Versatile Compaction Equipment

Story by Gini and Dan McKain | September 28, 2010

Edited by Christina Fisher

"Trench density is the single most important factor on a land development project once the mass excavation and utility trenches have been dug," says Jay Burnett, superintendent with Gramling Bros. Contracting, Inc.

Multifunctional equipment like the Bomag BMP-851 and Bomag BW-145DH-3 compactors play a critical role in achieving the required compaction densities on a project. Both are drum rollers that quickly and easily convert to either a narrower or wider trench roller or a general duty pad foot compactor. Blue Eagle Equipment Rental and Sales in Spartanburg has been instrumental in providing Gramling Bros. Contracting with specialized machinery.

Jay Burnett's current project is the North Grove Medical Complex site in Spartanburg, S.C. It involves a 55-acre development with about 350,000 cubic yards of mass excavation. The material was balanced on-site, with the deepest cut about 16 feet.

Here, according to John Gramling III, president of Gramling Bros., they are involved in turning a bare ground location into a productive building package. This encompasses stripping and stockpiling original earthwork, balancing cuts and fills, and the installation, compaction and backfilling of storm water runoff piping, sanitary sewers and other underground utility lines.

The first phase of the stripping and the cut and fill earthwork is being handled by Caterpillar 615 and 620 single- and double-engine scrapers pushed by D-6 and D-8 dozers for site grading and leveling.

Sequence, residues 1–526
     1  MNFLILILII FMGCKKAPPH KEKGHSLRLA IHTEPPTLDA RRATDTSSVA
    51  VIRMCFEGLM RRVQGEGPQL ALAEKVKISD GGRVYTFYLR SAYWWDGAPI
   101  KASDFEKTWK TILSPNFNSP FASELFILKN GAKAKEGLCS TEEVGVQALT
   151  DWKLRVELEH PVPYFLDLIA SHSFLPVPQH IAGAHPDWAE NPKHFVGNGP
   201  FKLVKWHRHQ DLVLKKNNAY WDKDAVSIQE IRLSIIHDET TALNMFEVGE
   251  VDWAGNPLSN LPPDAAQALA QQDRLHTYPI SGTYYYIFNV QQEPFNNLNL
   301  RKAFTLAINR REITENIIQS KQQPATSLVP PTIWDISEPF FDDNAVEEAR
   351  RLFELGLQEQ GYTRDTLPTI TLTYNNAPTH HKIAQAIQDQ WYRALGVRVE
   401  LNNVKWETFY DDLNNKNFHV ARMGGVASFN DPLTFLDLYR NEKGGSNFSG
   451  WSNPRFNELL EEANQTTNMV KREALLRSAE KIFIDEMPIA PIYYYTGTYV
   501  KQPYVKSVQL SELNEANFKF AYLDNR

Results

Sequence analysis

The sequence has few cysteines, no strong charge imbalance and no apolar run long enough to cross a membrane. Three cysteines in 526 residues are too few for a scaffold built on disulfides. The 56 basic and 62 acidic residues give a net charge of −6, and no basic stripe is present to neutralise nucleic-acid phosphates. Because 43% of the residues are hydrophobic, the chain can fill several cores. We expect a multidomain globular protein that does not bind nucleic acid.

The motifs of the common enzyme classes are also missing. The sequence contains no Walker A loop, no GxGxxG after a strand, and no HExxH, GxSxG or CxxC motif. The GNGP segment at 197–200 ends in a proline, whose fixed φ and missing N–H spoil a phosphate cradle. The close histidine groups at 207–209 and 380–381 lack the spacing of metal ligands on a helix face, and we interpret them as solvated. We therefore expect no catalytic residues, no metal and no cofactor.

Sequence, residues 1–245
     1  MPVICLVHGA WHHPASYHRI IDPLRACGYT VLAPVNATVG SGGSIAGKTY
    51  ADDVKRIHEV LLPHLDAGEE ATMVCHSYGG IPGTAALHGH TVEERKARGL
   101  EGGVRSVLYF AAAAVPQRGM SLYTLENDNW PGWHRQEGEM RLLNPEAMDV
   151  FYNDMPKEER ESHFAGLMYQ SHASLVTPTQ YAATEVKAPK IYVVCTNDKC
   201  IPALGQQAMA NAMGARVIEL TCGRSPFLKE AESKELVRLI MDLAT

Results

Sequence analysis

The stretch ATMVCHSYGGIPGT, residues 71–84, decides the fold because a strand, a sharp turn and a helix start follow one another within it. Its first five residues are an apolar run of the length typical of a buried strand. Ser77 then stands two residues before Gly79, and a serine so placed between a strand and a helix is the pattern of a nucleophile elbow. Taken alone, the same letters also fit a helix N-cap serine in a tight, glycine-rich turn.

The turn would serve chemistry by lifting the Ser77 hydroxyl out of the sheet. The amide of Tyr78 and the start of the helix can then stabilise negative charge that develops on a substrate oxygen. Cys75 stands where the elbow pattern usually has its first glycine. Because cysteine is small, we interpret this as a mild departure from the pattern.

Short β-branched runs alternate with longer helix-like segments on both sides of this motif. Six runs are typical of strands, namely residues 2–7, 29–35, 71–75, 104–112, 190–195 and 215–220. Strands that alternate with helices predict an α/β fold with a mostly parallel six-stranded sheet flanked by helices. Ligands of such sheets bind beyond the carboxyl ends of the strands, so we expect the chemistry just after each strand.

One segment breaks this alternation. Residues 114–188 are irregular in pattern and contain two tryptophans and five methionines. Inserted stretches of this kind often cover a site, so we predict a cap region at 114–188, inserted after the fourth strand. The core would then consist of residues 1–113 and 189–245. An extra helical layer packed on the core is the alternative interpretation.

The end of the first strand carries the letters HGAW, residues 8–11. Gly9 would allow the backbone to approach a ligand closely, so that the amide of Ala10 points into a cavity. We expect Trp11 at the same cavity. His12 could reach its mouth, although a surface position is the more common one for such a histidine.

A Caterpillar 325C LCR hydraulic excavator with a reinforced 4-cubic-yard bucket is digging the initial 16-foot-deep trench. It is followed closely by a Caterpillar 322C excavator side casting the recently excavated material away from the trench to the safe angle of repose as is required for safety by OSHA. A trench box is used when there is no room to layback the excavated material.

The Cat 325C is also handling most of the required 3,000 feet of pipe. The pipe ranges in size from 36 inches to 48 inches in diameter, along with some smaller sewer pipe.

Initially, the backfill is put in around the pipe in 8-inch lifts and compacted with a BT: 60/4 Bomag tamper. This continues until the fill is near the top of the pipe. From there work continues in 6-inch lifts until the fill is 24 inches over the pipe. A Bomag BMP-851, which can be either manually or remotely controlled, compacts the fill at this point.

The last compaction effort is made with a converted BW-145DH-3 smooth drum roller. Gramling Bros. uses the optional three-segment, bolt-on shell kit to transform the smooth drum roller to a pad foot soil consolidation compactor. The lifts are usually 12 inches to 18 inches thick yet still need the 95-plus-percent compaction specified for this open site location. The soil in this area of the state has clay with silt, which makes for cohesive, tightly compacted backfill material.

"Trouble is certain to follow if both the proper backfill and density aren't achieved during initial pipe installation. This includes under, around and over the line. Settlement will occur sooner or later, especially under streets and roads, where impact traffic is heaviest. This is where we are often able to employ multifunctional equipment which provides us with both added convenience and value," says Burnett.